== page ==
Evaluative expectations and the gender schema: Is failed inconsistency better?
- Cite this article as:
- Cann, A. Sex Roles (1993) 28: 667. doi:10.1007/BF00289986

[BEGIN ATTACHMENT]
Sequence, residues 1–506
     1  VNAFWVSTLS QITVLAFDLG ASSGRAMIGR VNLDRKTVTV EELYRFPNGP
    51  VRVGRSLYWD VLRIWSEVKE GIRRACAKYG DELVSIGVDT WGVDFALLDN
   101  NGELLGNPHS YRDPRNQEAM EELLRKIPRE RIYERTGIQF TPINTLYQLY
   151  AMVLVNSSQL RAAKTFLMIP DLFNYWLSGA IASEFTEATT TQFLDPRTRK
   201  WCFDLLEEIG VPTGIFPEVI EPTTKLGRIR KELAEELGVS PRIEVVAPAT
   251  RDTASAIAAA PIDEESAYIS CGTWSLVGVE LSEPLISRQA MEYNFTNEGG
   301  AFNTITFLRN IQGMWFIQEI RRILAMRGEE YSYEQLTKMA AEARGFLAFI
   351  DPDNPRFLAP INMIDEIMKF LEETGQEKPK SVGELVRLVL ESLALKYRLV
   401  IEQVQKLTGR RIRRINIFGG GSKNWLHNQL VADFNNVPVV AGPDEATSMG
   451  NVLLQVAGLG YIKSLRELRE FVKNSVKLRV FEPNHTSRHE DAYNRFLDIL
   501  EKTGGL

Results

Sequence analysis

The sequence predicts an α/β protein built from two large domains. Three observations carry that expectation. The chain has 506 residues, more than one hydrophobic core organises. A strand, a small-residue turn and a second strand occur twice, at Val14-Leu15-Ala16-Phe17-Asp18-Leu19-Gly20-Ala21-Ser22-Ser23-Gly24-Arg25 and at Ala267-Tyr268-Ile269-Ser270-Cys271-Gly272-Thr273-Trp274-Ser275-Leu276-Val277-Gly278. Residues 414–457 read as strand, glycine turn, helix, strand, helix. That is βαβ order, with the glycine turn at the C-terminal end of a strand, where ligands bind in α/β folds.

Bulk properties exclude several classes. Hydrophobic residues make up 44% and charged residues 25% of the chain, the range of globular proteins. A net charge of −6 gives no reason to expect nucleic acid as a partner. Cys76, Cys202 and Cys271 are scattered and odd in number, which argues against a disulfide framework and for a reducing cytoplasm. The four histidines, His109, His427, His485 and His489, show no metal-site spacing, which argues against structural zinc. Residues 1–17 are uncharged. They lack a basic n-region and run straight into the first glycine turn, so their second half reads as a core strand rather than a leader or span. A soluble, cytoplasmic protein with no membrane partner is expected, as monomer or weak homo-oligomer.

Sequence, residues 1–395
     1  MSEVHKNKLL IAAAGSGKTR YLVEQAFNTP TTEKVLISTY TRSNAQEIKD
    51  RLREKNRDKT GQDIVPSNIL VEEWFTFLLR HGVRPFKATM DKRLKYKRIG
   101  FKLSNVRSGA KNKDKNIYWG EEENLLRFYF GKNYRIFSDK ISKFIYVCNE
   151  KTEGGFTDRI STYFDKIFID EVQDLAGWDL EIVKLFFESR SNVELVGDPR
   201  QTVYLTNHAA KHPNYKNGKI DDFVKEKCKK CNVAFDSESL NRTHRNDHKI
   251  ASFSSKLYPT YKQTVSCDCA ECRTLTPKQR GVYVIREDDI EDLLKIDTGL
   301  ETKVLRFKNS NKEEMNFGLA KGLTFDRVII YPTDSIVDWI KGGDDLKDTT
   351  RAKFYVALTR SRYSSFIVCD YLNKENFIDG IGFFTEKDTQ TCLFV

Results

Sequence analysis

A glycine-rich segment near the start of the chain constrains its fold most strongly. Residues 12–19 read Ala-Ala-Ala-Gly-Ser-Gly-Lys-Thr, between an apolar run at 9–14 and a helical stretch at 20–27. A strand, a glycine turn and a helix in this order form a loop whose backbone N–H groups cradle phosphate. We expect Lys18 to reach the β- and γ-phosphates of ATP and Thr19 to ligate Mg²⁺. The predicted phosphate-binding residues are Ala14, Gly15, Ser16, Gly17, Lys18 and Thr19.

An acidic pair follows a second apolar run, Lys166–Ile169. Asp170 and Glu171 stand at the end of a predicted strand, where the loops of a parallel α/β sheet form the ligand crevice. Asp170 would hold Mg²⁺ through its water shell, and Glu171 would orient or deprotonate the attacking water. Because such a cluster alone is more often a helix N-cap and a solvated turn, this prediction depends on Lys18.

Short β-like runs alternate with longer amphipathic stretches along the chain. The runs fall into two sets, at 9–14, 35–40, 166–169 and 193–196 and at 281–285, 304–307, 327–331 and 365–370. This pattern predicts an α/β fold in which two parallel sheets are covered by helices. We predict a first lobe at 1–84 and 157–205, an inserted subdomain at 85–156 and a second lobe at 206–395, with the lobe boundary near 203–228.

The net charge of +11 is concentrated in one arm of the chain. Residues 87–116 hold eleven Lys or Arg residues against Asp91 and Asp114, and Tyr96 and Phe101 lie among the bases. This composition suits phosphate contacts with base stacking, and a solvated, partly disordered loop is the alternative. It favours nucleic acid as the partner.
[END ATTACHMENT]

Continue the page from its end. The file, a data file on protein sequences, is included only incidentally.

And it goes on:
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Are evaluative assessments a part of the information that constitutes the gender stereotype? Two studies tested this question by presenting participants (50 female and 43 male college students, for whom English was their native language) with information that manipulated both the knowledge of gender roles and the evaluative assessments of performance in those roles. Participants tried to learn statements like “Jane is a good nurse” or “John is a bad nurse.” Memory for these relationships was then tested. Results indicated that when the person's name and the role were consistent with the gender stereotype, a positive evaluative connection made the statement easier to recall than a negative evaluative connection. However, an inconsistent name—role pairing was easier to recall when the evaluative connection was negative rather than positive. The results are interpreted as support for an evaluative bias that is part of the knowledge associated with gender differences.